The most requested pages tend to be about media that was popular in February. The exceptions are the “Deaths_in_2015” article and the “Alive” disambiguation article. The “Main_Page” links to “Deaths_in_2015” and is the top referer to this article, which would explain the high number of requests. The fact that the “Alive” disambiguation page gets so many hits seems suspect and is likely to be a fruitful case to investigate to improve the bot filtering.
The clickstream data aslo let’s us investigate who the top referers to Wikipedia are:
The top referer by a large margin is Google. Next comes refererless traffic (usually clients using HTTPS). Then come other language Wikipedias and pages in English Wikipedia that are not in the main (i.e. article) namespace. Bing directs significantly more traffic to Wikipedia than Yahoo. Social media referals are tiny compared to Google, with twitter leading 10x more requests to Wikipedia than Facebook.
Trending on Social Media
Lets look at what articles were trending on Twitter:
df_twitter = df[df['prev'] == 'other-twitter'] df_twitter.groupby('curr').sum().sort('n', ascending=False)[:5]
I have no explanations for this, but if you find any of the tweets linking to these articles, I would be curious to see why they got so many click-throughs.
Most Requested Missing Pages
Next let’s look at the most popular redinks. Redlinks are links to a Wikipedia page that does not exist, either because it has been deleted, or because the author is anticipating the creation of the page. Seeing which redlinks are the most viewed is interesting because it gives some indication about demand for missing content. Since the set of pages and links is constantly changing, the labeling of redlinks is not an exact science. In this case, I used a static snapshot of the page and pagelinks production tables from Feb 28th to mark a page as a redlink.
df_redlinks = df[df['type'] == 'redlink'] df_redlinks.groupby('curr').sum().sort('n', ascending=False)[:5]
Searching Within Wikipedia
Usually, clients navigate from one article to another through following a link.
The other prominent case is search. The article from which the user searched is
also passed as the referer to the found article. Hence, you will find a high
(Wikipedia, Chris_Kyle) tuples. People went to the “Wikipedia”
article to search for “Chris_Kyle”. There is not a link to the “Chris_Kyle”
article from the “Wikipedia” article. Finally, it is possible that the client
messed with their referer header. The vast majority of requests with an internal
referer correspond to a true link.
df_search = df[df['type'] == 'other'] df_search = df_search[df_search.prev.str.match("^other.*").apply(bool) == False] print "Number of searches/ incorrect referers: %d" % df_search.n.sum() Number of searches/ incorrect referers: 106772349 df_link = df[df['type'] == 'link'] df_link = df_link[df_link.prev.str.match("^other.*").apply(bool) == False] print "Number of links followed: %d" % df_link.n.sum() Number of links followed: 983436029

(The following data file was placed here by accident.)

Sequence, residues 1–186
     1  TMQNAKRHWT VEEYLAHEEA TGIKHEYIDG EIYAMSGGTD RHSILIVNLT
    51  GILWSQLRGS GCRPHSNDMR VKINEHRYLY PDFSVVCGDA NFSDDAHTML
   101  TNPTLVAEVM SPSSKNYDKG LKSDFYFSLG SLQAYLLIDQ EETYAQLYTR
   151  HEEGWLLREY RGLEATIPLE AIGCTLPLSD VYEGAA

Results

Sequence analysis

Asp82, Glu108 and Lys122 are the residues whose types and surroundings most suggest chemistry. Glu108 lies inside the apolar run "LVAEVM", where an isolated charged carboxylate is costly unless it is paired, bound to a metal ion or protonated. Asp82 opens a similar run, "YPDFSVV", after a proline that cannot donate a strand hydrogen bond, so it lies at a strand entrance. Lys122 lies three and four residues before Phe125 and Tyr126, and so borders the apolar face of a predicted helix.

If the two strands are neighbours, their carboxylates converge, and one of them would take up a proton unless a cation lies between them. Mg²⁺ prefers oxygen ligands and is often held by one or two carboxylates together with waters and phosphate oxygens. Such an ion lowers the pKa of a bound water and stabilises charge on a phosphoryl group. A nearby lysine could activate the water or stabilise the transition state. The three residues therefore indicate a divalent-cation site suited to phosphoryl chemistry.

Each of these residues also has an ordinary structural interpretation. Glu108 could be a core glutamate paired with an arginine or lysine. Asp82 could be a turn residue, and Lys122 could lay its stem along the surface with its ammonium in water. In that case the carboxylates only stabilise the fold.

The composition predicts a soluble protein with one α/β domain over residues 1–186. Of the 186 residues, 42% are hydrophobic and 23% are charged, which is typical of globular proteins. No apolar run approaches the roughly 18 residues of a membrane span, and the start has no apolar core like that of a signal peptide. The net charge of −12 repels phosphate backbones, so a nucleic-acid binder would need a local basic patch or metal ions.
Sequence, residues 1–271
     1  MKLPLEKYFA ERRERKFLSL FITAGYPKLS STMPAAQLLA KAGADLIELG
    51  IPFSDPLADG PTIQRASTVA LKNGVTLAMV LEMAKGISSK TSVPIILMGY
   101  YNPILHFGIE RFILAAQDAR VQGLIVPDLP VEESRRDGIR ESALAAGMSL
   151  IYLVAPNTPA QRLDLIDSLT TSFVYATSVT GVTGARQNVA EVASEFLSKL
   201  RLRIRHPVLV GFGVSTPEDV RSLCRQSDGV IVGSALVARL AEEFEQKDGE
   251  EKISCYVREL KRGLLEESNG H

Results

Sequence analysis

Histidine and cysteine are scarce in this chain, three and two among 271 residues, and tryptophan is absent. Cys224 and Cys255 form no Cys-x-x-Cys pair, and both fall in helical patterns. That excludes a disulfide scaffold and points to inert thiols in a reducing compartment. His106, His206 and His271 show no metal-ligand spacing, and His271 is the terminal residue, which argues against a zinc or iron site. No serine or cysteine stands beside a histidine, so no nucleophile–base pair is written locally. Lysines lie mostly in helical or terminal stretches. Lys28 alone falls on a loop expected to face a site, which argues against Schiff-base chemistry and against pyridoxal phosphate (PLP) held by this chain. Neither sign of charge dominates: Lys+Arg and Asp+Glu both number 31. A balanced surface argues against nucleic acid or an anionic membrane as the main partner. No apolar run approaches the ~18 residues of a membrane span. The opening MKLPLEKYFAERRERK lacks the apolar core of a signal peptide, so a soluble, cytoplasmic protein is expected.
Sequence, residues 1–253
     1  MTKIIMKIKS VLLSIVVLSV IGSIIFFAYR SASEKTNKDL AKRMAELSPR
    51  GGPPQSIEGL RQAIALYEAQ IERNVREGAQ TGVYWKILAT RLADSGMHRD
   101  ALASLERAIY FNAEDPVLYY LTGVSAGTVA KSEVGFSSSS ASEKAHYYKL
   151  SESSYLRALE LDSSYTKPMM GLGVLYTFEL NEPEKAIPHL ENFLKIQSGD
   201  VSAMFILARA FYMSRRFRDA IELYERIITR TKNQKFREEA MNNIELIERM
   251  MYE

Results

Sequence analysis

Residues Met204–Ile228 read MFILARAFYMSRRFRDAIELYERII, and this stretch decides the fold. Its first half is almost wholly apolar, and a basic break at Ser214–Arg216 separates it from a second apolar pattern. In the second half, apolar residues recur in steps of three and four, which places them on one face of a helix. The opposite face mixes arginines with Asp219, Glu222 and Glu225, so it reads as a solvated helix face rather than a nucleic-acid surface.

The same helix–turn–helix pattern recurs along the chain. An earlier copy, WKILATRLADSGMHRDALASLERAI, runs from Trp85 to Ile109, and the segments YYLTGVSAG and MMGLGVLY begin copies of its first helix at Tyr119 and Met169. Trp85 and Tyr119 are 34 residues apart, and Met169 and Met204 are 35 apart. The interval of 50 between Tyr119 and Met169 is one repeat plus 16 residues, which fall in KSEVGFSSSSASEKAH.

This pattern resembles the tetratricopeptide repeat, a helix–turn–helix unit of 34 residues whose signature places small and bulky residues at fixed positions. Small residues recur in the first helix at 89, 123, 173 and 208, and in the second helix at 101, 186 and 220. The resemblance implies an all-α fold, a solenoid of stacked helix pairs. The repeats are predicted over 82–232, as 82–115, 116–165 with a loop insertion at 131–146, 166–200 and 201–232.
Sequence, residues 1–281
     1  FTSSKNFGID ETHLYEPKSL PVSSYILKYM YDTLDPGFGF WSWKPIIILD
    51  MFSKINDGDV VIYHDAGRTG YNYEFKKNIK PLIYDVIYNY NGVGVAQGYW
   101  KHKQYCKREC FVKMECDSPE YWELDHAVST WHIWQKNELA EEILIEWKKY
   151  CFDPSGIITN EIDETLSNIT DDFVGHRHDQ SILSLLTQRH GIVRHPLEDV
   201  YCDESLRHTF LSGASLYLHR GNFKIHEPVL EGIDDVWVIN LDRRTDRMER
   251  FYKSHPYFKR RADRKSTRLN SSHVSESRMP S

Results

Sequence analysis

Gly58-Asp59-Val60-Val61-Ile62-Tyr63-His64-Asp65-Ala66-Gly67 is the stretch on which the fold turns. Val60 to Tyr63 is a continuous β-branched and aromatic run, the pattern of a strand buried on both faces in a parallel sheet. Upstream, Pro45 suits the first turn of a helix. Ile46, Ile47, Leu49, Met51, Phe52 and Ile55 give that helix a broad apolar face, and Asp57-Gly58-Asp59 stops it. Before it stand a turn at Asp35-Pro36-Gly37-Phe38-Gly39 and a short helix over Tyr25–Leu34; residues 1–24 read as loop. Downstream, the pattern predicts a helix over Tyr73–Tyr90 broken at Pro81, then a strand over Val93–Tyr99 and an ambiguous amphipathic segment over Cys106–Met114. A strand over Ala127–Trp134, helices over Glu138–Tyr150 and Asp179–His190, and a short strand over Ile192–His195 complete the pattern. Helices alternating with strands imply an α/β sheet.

Inflow vs Outflow
You might be tempted to think that there can’t be more traffic coming out of a node (ie. article) than going into a node. This is not true for two reasons. People will follow links in multiple tabs as they read an article. Hence, a single pageview can lead to multiple records with that page as the referer. The data is also certain to include requests from bots which we did not correctly filter out. Bots will often follow most, if not all, the links in the article. Lets look at the ratio of incoming to outgoing links for the most requested pages.
df_in = df.groupby('curr').sum() # pageviews per article df_in.columns = ['in_count',] df_out = df.groupby('prev').sum() # link clicks per article df_out.columns = ['out_count',] df_in_out = df_in.join(df_out) df_in_out['ratio'] = df_in_out['out_count']/df_in_out['in_count'] #compute ratio if outflow/infow df_in_out.sort('in_count', ascending = False)[:3]
Looking at the pages with the highest ratio of outgoing to incoming traffic reveals how messy the data is, even after the careful data preparation described above.
df_in_out.sort('ratio', ascending = False)[:3]
All of these pages have more traversals of a single link than they have requests for the page to begin with. As a post processing step, we might enforce that there can’t be more traversals of a link than there were requests to the page. Better bot filtering should help reduce this issue in the future.
df_post = pd.merge(df, df_in, how='left', left_on='prev', right_index=True) df_post['n'] = df_post[['n', 'in_count']].min(axis=1) del df_post['in_count']
We can think of Wikipedia as a network with articles as nodes and links between articles as edges. This network has been available for analysis via the production pagelinks table. But what does it mean if there is a link between articles that never gets traversed? What is it about the pages that send their readers to other pages with high probability? What makes a link enticing to follow? What are the cliques of articles that send lots of traffic to each other? These are just some of the questions, this data set allows us to investigate. I’m sure you will come up with many more.
Getting the Data
The dataset is released under CC0. The canonical citation and most up-to-date version of the data can be found at:
Ellery Wulczyn, Dario Taraborelli (2015). Wikipedia Clickstream. figshare. doi:10.6084/m9.figshare.1305770
An IPython Notebook version of this post can be found here.